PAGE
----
Douglas County’s elections supervisor said Tuesday he is ready to meet the state’s absentee ballot deadline for the upcoming presidential election — even if the state pushes the date back.
Absentee ballots will also be sent out next week to Douglas County residents who have requested them, Douglas Elections Supervisor Milton Kidd said.
In Carroll County, Elections Supervisor Greg Rigby said his office will also start mailing ballots out to voters by Sept. 18. He added the deadline extension will not impact the presidential election in Carroll because he does not anticipate receiving many ballots after Election Day.
On Tuesday, Georgia’s elections chief appealed a federal judge’s ruling that absentee ballots postmarked by Election Day should be counted.
U.S. District Court Judge Eleanor Ross of the Northern District of Georgia extended the deadline last week for absentee ballots to be returned in Georgia, ruling that ballots postmarked by Nov. 3 and received by elections officials for up to three days after should be counted.
But Secretary of State Brad Raffensperger’s attorneys wrote that the coronavirus pandemic should not have an impact on election rules so close to when voters will start receiving absentee ballots later this month.
More voters than ever are relying on absentee ballots during the coronavirus pandemic to avoid the potential health risk of human contact at polling places. Since 2005, Georgia law has allowed any registered voter to request such a ballot without having to provide an excuse.
Kidd said his office is prepared to start sending ballots to the county’s registered voters who have requested a ballot next week on Sept. 15.
He encourages voters who request an absentee ballot to return them as soon as possible to the elections office.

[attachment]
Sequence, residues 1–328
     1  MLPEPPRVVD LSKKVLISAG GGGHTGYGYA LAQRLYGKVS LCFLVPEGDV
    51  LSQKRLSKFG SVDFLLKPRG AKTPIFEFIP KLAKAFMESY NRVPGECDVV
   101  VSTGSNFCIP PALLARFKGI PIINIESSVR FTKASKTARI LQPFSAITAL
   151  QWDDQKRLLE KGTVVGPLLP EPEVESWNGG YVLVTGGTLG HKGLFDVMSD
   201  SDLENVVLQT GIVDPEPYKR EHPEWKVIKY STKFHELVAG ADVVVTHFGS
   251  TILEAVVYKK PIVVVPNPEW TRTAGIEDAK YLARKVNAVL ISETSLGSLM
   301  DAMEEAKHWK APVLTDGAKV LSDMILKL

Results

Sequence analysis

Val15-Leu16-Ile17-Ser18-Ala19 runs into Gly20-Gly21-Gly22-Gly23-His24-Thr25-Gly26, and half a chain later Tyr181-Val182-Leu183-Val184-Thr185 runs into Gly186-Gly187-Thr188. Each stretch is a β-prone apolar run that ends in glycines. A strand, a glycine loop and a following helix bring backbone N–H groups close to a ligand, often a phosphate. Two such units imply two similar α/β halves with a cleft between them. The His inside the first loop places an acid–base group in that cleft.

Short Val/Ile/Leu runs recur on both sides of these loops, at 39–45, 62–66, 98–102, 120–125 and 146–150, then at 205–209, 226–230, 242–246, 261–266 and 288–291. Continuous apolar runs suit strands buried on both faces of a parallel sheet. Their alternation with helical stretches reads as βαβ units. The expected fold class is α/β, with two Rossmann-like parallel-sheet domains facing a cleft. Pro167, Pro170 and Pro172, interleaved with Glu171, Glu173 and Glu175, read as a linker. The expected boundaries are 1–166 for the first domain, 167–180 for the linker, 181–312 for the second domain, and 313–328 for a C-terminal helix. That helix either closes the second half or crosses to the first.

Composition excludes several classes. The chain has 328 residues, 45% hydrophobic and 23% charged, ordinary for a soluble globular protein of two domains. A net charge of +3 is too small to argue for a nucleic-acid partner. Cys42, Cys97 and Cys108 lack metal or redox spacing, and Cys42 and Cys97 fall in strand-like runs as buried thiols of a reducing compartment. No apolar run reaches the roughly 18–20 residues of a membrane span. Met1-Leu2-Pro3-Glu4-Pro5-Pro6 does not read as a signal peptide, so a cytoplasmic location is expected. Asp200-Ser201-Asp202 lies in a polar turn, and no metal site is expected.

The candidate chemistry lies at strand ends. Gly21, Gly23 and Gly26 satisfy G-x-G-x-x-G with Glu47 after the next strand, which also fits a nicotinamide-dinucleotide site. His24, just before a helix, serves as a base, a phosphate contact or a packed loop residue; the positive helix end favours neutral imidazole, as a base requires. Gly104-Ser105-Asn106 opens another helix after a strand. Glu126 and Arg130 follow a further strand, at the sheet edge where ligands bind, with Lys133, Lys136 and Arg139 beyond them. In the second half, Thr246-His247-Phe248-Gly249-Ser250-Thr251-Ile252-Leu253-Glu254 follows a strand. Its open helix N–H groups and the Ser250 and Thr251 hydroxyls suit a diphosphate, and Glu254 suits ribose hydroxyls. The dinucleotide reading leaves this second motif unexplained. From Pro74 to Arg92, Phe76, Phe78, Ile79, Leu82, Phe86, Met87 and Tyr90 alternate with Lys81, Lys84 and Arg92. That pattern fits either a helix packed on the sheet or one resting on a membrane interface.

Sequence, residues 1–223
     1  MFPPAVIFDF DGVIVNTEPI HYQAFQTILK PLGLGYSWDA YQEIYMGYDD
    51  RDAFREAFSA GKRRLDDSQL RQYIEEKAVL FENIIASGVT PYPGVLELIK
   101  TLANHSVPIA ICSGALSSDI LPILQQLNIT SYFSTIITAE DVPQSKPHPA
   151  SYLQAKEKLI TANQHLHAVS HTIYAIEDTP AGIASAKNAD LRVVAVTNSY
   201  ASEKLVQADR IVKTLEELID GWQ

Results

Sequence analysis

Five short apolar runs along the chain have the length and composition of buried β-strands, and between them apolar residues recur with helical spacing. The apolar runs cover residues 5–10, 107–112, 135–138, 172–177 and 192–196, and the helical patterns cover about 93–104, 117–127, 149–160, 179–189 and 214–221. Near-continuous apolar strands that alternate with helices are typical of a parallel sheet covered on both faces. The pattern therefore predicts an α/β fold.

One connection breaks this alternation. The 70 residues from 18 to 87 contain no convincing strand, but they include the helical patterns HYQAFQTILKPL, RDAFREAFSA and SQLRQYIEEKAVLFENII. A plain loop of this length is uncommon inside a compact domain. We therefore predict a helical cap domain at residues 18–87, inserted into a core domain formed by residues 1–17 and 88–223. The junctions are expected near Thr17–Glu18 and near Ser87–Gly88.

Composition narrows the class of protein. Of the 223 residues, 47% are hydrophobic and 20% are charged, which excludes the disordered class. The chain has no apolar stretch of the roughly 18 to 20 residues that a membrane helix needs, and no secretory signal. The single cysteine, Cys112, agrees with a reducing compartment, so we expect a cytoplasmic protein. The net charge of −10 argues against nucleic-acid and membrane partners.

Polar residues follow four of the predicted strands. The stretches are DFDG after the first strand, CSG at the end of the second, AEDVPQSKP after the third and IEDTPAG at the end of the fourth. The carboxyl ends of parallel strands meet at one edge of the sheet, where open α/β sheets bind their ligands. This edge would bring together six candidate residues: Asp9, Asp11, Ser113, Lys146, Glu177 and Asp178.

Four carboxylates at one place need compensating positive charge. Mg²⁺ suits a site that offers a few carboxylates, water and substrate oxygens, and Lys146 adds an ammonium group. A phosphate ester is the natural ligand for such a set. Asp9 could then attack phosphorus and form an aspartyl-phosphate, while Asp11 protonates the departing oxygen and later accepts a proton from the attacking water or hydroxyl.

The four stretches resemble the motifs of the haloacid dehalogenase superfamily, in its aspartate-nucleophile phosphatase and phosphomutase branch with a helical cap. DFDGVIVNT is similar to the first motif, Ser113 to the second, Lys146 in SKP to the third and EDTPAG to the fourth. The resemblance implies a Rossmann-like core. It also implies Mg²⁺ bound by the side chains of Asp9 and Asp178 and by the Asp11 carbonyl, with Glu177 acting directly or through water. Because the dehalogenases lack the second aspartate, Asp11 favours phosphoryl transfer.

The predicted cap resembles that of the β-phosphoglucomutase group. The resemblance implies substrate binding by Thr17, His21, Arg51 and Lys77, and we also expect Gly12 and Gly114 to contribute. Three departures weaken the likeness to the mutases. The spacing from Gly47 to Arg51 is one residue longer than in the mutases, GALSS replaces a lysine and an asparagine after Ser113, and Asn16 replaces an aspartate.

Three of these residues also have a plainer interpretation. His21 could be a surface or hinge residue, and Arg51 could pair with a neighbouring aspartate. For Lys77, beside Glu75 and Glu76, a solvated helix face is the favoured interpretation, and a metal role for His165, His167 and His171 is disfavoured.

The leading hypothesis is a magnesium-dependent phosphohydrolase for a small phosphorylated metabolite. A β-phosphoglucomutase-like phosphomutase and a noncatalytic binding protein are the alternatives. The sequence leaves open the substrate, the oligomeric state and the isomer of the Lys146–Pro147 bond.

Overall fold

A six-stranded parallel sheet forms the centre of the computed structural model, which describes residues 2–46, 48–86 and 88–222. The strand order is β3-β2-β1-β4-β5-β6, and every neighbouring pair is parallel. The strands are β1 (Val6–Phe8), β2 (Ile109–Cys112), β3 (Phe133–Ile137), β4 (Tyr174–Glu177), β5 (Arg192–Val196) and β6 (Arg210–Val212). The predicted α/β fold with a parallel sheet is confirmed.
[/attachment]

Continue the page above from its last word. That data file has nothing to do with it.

Voters can also return their ballots without relying on the U.S. Postal Service. Many counties, including Douglas, have set up drop boxes where voters can deposit their ballots until polls close on Election Day. Kidd said there are five boxes within Douglas County for voters.
Elections officials have until Nov. 20 to certify the results, and a later date could give supervisors less time to finish counting ballots. Additionally, voters might have less time to correct mistakes on their absentee ballots, such as missing or mismatched signatures and not providing required information.
Kidd said election results will be unofficial until all ballots have been counted.
Raffensperger also claimed during a news conference on Tuesday that investigators have identified 1,000 alleged instances in which state voters intentionally cast ballots twice, once using an absentee ballot and again in-person.
He said 150,000 Georgians applied for an absentee vote and then showed up to have that vote canceled during the June primary. He added 1,000 of those voters then cast their ballots twice, but he did not provide evidence as to how his office might know this for certain.
Intentionally voting twice is a felony in Georgia and carries a one to 10-year prison sentence and a fine up to $100,000 upon conviction, Raffensperger noted.
Voters can request absentee ballots through a website created by Raffensperger’s office at ballotrequest.sos.ga.gov.
After the ballot has been returned, voters can use the state’s My Voter Page at mvp.sos.ga.gov to check the status of their ballots. Anyone who needs to register to vote in the upcoming election can also use this website.